By signing this Electronic Service Delivery Informed Consent, you, the undersigned client, acknowledge that you have both read and understood all the terms and information contained herein and you agree to be bound by the provisions in this agreement. Ample opportunity has been offered to you to ask questions and seek clarification of anything unclear to you. If a minor is the client, you are signing on behalf of the minor as the authorized parent/guardian. (Information on Minor rights will be shared with the minor.)

You also acknowledge that you have received a copy of the regular Informed Consent and Notice of Privacy Practices for the practice listed at the top of this form.


Parent(s) or Guardian Signature (for minor child or children or disabled adults)

Patient Rights for Minors

Below is a list of rules we follow. Please read it and ask your therapist any questions you have about it. A therapist is a specially trained person who is a good listener and can help you make your life better.

(1) We will treat you with politeness and respect.

(2) We will work with you and your parents no matter how old you are, if you are a girl or boy, the color of your skin, or if you believe in religion.

(3) We will use your help to write a plan for how we are going to help you, and your parents will see this plan and sign it.

(4) We will tell you about the good and bad that may happen if you try some new things.

(5) We will help protect you from people who are hurting you.

(6) We will allow you to say "no" to our help.

(7) We will tell you about any other ideas or places that might be good for you.

(8) We will try to maintain your confidentiality when possible, but there are a few circumstances where we may not be able to:

(a) If you tell us that someone is hurting your body physically or sexually, we will report that to people who can help you (Children Services Board).

(b) If you tell us you are going to harm yourself, we will need to tell your family.

(c) If you tell us you are going to harm someone, we will report it to people who can help.

(d) Your parents/guardians typically have access to your records, if they choose, unless they are blocked by court order from requesting them.

(e) If a court orders that we send it your records, we will be required to send them.

(9) If you have complaints about us or don't like something that is happening while you are here, we will listen and talk about it. We will make changes if they are good for you and if they are possible.

I have read or had this form read to me, and I fully understand what it means.

Pediatric Symptom Checklist

Please mark the option that best describes your child:


Columbia Impairment Scale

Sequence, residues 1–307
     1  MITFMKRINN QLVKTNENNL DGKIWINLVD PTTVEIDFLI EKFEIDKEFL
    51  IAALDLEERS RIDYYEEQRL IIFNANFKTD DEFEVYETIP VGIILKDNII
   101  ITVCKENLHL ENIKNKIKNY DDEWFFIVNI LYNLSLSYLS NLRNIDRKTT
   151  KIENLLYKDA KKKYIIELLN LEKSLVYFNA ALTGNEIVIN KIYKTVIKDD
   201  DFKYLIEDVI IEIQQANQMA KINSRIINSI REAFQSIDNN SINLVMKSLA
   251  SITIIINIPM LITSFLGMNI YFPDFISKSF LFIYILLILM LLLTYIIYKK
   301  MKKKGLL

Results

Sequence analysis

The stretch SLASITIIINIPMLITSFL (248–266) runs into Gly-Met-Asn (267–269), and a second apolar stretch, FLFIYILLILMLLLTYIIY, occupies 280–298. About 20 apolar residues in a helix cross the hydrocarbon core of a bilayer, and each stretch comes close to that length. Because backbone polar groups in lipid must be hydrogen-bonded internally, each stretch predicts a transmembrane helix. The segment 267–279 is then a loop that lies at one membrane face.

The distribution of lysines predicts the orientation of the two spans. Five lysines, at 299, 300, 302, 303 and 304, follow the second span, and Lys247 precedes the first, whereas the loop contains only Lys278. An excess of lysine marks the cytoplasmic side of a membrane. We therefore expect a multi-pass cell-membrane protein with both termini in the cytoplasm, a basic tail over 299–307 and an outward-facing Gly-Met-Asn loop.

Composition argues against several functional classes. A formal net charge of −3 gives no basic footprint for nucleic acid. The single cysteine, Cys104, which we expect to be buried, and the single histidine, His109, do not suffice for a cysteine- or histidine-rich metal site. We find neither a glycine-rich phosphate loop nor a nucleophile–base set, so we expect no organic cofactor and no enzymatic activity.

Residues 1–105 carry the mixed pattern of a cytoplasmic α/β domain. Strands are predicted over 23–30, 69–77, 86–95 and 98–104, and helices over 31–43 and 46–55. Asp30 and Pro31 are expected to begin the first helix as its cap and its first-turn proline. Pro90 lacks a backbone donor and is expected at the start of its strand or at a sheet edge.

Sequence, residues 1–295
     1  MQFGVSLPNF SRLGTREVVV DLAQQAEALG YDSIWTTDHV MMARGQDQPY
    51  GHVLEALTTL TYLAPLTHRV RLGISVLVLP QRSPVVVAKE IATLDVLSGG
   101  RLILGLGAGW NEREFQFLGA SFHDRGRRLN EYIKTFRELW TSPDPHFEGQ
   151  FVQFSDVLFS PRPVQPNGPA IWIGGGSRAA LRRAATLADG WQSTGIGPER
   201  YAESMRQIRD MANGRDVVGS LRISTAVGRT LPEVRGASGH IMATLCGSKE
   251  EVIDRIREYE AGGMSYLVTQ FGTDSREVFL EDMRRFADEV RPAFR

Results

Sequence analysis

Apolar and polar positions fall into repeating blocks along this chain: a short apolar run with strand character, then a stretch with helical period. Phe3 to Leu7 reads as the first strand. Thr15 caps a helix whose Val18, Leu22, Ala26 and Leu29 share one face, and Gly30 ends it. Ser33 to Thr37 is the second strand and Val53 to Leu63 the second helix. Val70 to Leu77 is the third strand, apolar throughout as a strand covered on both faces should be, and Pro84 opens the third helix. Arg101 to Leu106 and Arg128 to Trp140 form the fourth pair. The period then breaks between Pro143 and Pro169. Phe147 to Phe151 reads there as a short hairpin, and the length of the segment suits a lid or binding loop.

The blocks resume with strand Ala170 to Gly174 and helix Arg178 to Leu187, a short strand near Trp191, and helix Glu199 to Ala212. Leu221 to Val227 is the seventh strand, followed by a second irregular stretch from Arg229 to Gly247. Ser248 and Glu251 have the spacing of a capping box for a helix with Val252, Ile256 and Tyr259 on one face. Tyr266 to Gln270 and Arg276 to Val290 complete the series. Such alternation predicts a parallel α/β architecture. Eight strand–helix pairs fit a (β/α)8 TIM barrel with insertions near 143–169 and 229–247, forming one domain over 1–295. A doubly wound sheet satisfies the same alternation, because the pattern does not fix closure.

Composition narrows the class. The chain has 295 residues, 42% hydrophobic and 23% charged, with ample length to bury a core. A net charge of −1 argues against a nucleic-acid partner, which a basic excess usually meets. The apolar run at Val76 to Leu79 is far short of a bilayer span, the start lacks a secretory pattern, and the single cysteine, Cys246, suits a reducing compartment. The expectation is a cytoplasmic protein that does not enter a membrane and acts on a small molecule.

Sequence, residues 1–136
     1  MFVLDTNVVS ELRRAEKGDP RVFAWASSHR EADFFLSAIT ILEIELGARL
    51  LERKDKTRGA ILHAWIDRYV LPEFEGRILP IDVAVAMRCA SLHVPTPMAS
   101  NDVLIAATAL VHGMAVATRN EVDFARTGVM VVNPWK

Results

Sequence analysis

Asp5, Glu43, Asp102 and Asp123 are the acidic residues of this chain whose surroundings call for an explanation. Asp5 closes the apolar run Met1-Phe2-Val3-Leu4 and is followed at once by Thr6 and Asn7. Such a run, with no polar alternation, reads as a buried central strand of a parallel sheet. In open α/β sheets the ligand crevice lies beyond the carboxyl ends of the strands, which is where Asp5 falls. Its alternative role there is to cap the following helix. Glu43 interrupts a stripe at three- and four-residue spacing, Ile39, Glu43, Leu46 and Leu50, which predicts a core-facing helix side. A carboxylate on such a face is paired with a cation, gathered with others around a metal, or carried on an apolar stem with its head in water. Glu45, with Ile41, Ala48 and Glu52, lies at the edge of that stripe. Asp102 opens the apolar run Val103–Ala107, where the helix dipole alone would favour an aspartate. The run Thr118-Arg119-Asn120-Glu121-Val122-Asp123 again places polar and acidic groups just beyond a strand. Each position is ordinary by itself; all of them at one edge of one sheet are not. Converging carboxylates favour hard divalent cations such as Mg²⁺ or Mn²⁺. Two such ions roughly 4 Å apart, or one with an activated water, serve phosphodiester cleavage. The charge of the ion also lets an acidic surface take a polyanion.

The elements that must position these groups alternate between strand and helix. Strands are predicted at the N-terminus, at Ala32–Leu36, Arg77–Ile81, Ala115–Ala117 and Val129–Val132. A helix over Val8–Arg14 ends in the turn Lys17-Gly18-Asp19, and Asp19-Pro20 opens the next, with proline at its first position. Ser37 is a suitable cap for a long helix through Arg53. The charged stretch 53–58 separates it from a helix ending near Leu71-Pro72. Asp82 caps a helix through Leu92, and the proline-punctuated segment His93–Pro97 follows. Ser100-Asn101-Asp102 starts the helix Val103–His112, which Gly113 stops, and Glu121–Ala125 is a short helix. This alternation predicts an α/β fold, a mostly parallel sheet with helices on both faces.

Please select the number that you think best describes the child or youth?s situation:

In general, how much of a problem do you think they have with:


How much of a problem would you say they have:


How much of a problem do they have:


How much of a problem would you say they have:


PsyCare, Inc. HIPAA Notice of Privacy Practices


The mission of PsyCare is to enhance and promote the mental and emotional well-being and optimal social functioning of all persons. This mission is accomplished by providing a comprehensive and integrated continuum of outpatient mental health and related services. In conjunction with the provision of such services, at times it may be necessary for us to use and to disclose your protected health information (PHI). PHI refers to information in your health record that could identify you. It includes information about your symptoms, test results, diagnosis, treatment, and related medical information.

PsyCare is required by law to maintain the privacy of your PHI and to provide you with notice of the legal duties and privacy practices regarding PHI and to notify you following a breach of unsecured PHI. We understand that your health information is highly personal, and we are committed to safeguarding your privacy.

I. Disclosure of Your PHI Without Your Authorization

This Notice sets forth different reasons for which we may use and disclose your PHI. The Notice does not list every possible use and disclosure; however, all the reasons for which we are permitted to use and disclose your PHI are listed. The amount of health information used or disclosed will be limited to information that excludes most direct identifiers, such as name, address, and Social Security number, unless more information is needed. If additional information is needed, it will be limited to the ?minimum necessary? to accomplish the purpose of the use or disclosure.